The Trump administration's overhaul of Endangered Species Act regulations that was welcomed by industry groups but opposed by environmentalists is back in place following an appeals court decision.

The U.S. Court of Appeals for the 9th Circuit ruled Wednesday that a district judge who vacated the Trump-era regulations failed to properly evaluate the regulations on their legal merits. In July, U.S. District Judge Jon Tigar in San Francisco said vacating the challenged rules “would not be inconsistent with any district court authority” in the Northern California district.

The regulations, among other changes to the ESA, prevent the Fish and Wildlife Service from treating species listed as “threatened” under the law as “endangered” and altered the circumstances under which federal agencies engage in ESA consultation over the effects of their actions on listed species and their habitat.

The American Farm Bureau Federation, which intervened on the side of the federal government to defend the rules, cheered the brief decision, which determined that Tigar did not consider a Supreme Court decision reinstating Trump-era Clean Water Act water quality certification regulations when he vacated the ESA rules without fully considering their legal merits.

"It is apparent that the district court in its July 5, 2022, order clearly erred in vacating the 2019 rules without ruling on their legal validity," the appeals court said.

“The revisions to the Endangered Species Act protected at-risk animals while ensuring farmers could continue feeding America’s families,” AFBF President Zippy Duvall said. “This ruling doesn’t bring an end to the debate about modernizing the ESA, but it sends an important message to the 9th Circuit lower courts that their job is to rule based on the law. They can no longer vacate a rule unless they determine it is unlawful.”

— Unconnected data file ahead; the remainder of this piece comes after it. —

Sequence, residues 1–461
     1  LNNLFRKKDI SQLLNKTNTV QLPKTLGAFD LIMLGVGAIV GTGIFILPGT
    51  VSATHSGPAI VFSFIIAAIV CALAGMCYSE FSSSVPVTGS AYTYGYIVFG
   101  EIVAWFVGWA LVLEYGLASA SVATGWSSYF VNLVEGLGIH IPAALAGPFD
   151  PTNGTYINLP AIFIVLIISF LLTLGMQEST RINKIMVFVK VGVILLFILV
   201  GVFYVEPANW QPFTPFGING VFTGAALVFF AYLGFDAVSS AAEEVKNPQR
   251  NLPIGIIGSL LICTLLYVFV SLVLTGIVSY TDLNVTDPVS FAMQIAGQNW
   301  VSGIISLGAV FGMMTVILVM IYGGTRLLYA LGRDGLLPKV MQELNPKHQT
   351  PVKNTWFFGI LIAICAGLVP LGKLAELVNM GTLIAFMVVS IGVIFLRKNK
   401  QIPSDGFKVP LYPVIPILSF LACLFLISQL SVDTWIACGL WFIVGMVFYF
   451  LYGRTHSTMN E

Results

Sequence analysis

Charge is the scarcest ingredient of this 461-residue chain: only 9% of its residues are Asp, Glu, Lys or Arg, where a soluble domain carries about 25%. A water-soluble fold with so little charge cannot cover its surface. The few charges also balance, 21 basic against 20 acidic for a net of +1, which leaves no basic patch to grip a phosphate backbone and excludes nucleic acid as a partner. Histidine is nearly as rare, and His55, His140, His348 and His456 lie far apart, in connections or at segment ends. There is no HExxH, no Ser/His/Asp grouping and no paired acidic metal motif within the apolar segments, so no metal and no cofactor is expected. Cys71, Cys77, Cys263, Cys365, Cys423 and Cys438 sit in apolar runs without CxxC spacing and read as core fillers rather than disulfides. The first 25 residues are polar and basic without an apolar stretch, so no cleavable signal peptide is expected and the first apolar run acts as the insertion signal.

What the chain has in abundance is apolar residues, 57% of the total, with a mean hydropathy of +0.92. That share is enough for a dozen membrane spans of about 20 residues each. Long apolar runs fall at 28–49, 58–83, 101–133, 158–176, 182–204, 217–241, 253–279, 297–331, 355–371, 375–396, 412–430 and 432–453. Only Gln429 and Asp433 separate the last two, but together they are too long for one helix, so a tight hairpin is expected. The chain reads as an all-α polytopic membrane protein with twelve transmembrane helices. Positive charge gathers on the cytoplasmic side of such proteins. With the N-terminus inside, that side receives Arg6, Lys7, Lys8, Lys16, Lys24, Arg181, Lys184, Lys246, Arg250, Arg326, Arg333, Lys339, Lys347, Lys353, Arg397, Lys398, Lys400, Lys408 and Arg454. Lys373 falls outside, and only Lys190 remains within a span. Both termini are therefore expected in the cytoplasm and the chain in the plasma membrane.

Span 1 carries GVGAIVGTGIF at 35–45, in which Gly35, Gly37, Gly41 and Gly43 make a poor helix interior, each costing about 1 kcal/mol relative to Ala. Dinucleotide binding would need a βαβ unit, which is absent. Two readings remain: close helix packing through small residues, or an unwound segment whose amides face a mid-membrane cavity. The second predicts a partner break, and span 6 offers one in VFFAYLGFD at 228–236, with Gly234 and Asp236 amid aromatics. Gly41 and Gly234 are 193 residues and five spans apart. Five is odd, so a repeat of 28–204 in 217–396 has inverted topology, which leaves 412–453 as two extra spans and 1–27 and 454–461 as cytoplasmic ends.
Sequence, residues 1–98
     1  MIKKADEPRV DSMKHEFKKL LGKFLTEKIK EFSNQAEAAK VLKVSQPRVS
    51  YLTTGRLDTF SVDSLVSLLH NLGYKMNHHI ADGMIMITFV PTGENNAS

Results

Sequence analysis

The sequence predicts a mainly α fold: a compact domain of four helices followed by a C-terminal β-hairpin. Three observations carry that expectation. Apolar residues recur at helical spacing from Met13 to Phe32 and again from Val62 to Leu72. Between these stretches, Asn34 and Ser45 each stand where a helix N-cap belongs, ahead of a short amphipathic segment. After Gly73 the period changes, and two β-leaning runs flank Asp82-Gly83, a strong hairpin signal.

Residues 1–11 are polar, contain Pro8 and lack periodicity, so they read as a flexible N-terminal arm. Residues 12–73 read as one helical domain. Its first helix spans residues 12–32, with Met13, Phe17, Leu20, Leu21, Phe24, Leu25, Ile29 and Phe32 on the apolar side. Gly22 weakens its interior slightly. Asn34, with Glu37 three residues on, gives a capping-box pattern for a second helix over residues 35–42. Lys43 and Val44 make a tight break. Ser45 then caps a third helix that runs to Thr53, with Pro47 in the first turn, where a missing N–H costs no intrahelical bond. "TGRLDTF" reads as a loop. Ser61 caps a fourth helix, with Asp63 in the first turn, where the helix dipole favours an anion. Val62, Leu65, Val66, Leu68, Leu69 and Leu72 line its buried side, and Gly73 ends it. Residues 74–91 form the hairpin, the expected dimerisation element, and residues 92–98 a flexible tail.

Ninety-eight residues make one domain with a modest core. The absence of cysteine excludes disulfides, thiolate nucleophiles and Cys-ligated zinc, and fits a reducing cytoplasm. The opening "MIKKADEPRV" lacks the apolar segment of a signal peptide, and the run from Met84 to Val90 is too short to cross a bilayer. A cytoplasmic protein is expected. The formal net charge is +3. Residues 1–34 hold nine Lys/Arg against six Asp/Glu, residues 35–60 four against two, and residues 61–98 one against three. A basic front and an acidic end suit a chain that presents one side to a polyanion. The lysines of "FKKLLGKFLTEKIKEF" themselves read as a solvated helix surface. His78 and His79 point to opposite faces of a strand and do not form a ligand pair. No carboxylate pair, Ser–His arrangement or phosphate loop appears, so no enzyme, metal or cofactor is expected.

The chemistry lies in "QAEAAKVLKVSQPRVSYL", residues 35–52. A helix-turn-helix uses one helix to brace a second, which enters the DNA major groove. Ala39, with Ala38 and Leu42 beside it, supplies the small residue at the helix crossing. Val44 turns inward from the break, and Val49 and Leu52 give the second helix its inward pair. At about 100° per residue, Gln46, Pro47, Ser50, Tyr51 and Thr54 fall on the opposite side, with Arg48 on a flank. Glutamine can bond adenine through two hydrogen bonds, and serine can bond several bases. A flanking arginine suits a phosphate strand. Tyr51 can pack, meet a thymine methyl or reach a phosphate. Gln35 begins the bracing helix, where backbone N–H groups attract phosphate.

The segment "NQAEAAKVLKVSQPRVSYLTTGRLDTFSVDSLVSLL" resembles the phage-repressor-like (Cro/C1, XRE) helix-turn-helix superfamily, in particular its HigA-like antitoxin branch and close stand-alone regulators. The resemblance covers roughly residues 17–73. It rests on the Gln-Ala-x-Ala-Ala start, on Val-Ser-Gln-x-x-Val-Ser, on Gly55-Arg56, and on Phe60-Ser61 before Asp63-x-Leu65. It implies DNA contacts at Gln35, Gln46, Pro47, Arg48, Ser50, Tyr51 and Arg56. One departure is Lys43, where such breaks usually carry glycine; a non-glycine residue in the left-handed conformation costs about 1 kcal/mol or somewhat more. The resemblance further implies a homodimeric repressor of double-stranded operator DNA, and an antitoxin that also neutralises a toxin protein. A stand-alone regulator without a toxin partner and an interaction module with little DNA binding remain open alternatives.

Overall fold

The Center for Biological Diversity, which challenged the regulations, had asked the district court to alter or amend its judgment to address the issue raised by “interpretation of the legal effect of the Supreme Court’s unexplained order.”

CBD asked the court to rule on an issue that was fully briefed – whether the rules whether the 2019 rules violate the National Environmental Policy Act.

All three appeals court judges agreed that Tigar’s order should be stayed pending resolution of CBD’s motion, which is to be argued next month. But Circuit Judge Lawrence VanDyke also said the stay should “remain in place through the eventual appeal of the district court’s July 5 order, or until some other action moots the improper vacatur.”

That would prevent the “improper vacatur” by “spring[ing] back into effect” if Tigar does not correct his July 5 order, VanDyke said.

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